Food is central to the book. It connects the mother to her memories (good and bad), and also connects mother and daughter.


This book started VERY slow for me and I almost returned it early. So glad I did not. The ‘taste! Showed itself in many ways throughout this book. The sage conversation & sightings were directly connected with the taste for many dishes of her home-life coming back to a desirable place in her current life.
Herbs/seasonings/dishes etc…are often the center of our beings.


I just discovered the Big Library Read. So excited and already started the book.


Just starting the book Excited!


My mind went to the negative and I thought to when Koonja ate the spoiled soy milk. It could’ve been Oakie that made her or it could’ve been how during the war many people ate rotten spoiled trash. She also ate the last stale bread slice that Grace thought she might’ve taken out of the trash can, just like how she probably took half eaten cheeseburgers out of the army bases trash cans.


It started as a literal connection: powdered milk tastes like war to the mom because of the powdered milk that was given out during the war in Korea that she endured. This brings up the strong associations taste can have for us and how a single food can transport us across time and space and conjure up vivid memories, both positive and negative. The rest of the book is many examples of this, for both the mom and daughter. Korean food, American food, foraging, and baking. The concept of “war” shifts from the actual Korean War to the wars of… Read more »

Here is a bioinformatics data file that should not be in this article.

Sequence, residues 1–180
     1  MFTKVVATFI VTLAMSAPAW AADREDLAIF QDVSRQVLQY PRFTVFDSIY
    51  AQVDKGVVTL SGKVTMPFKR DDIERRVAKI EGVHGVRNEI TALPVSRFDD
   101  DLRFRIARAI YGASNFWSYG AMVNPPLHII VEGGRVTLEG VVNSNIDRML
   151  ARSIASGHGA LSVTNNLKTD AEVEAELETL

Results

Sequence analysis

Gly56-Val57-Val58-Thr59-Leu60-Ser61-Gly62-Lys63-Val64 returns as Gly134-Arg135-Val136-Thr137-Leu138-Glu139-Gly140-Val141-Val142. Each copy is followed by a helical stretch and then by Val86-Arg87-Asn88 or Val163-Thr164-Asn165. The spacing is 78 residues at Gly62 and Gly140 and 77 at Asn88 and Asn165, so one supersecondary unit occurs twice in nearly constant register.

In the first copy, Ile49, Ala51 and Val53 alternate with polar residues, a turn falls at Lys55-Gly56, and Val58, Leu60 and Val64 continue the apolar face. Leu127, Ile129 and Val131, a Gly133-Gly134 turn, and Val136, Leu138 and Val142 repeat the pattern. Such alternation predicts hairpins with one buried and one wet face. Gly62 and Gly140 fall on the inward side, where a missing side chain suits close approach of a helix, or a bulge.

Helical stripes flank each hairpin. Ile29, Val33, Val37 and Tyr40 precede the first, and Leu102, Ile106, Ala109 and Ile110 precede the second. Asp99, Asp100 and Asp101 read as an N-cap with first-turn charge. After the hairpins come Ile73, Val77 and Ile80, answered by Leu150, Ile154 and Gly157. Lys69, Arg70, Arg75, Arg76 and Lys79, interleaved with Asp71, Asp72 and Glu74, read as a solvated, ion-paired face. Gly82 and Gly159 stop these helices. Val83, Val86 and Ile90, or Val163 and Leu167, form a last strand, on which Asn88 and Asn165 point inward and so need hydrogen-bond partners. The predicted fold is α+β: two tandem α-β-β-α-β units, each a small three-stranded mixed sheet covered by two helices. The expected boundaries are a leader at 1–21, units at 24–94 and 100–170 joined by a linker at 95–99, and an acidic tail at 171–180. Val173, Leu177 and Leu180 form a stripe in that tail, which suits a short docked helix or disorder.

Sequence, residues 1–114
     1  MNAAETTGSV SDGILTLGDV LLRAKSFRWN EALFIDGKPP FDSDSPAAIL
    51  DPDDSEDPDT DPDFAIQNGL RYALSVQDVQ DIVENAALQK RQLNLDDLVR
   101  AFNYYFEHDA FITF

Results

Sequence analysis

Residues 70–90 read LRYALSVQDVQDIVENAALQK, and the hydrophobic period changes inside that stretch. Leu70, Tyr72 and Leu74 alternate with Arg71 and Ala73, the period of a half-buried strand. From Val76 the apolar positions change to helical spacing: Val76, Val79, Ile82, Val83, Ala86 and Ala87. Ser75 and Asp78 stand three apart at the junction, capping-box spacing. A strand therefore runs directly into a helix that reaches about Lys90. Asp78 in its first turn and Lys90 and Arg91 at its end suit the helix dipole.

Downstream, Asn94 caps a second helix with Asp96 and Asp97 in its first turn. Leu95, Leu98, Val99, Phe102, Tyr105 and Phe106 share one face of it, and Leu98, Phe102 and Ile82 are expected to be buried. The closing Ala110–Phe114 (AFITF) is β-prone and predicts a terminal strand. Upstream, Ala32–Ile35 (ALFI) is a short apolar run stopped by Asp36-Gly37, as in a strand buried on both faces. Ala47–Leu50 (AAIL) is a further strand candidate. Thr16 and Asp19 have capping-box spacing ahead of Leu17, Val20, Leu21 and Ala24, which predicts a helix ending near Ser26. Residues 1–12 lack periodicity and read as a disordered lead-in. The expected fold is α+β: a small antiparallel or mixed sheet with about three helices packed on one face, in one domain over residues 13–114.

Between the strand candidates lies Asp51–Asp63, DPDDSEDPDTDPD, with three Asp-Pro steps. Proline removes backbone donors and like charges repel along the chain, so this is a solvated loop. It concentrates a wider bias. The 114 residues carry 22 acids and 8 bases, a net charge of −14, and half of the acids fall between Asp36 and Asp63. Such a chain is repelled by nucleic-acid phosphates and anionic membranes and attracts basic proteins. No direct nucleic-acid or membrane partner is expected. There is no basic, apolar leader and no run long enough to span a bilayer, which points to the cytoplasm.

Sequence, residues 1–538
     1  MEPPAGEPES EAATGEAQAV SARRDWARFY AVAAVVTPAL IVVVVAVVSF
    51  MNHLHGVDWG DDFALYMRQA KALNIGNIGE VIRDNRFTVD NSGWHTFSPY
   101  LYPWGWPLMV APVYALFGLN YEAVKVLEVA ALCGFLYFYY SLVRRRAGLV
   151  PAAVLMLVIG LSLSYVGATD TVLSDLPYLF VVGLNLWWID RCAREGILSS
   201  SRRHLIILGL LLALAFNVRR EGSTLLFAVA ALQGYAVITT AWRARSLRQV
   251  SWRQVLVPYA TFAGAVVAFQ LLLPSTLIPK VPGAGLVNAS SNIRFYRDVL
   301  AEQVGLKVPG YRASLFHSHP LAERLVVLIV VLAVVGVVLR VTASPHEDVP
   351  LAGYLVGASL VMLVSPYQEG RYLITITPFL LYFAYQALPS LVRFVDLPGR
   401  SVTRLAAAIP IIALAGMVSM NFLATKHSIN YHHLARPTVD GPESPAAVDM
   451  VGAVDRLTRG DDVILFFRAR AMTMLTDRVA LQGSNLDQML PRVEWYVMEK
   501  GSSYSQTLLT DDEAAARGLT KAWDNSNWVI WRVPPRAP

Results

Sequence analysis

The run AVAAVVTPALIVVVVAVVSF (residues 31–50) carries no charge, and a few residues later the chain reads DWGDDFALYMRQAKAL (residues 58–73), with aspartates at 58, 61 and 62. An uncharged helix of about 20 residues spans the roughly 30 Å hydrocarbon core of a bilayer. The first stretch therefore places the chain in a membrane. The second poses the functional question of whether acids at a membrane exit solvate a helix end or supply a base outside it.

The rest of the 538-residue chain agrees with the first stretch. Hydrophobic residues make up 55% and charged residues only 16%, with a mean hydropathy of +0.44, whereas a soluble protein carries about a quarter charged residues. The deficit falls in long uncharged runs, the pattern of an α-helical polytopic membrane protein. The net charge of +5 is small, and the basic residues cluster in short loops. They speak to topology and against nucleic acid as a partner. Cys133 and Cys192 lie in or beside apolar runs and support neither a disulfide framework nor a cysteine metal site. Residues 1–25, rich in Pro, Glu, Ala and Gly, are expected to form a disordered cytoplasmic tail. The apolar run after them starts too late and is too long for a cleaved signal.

Alaina, I completely agree with you. It was a tribute to her mother and honoring the importance and significance of food within the context of war and then all the social, physical, and emotional challenges she faced throughout her life. Food represented survival, identity, inventiveness, ingenuity, appreciation, and at the end the passing of the baton to her daughter knowing that Grace had achieved the life always wished for her. This is a love story of a mother and a daughter.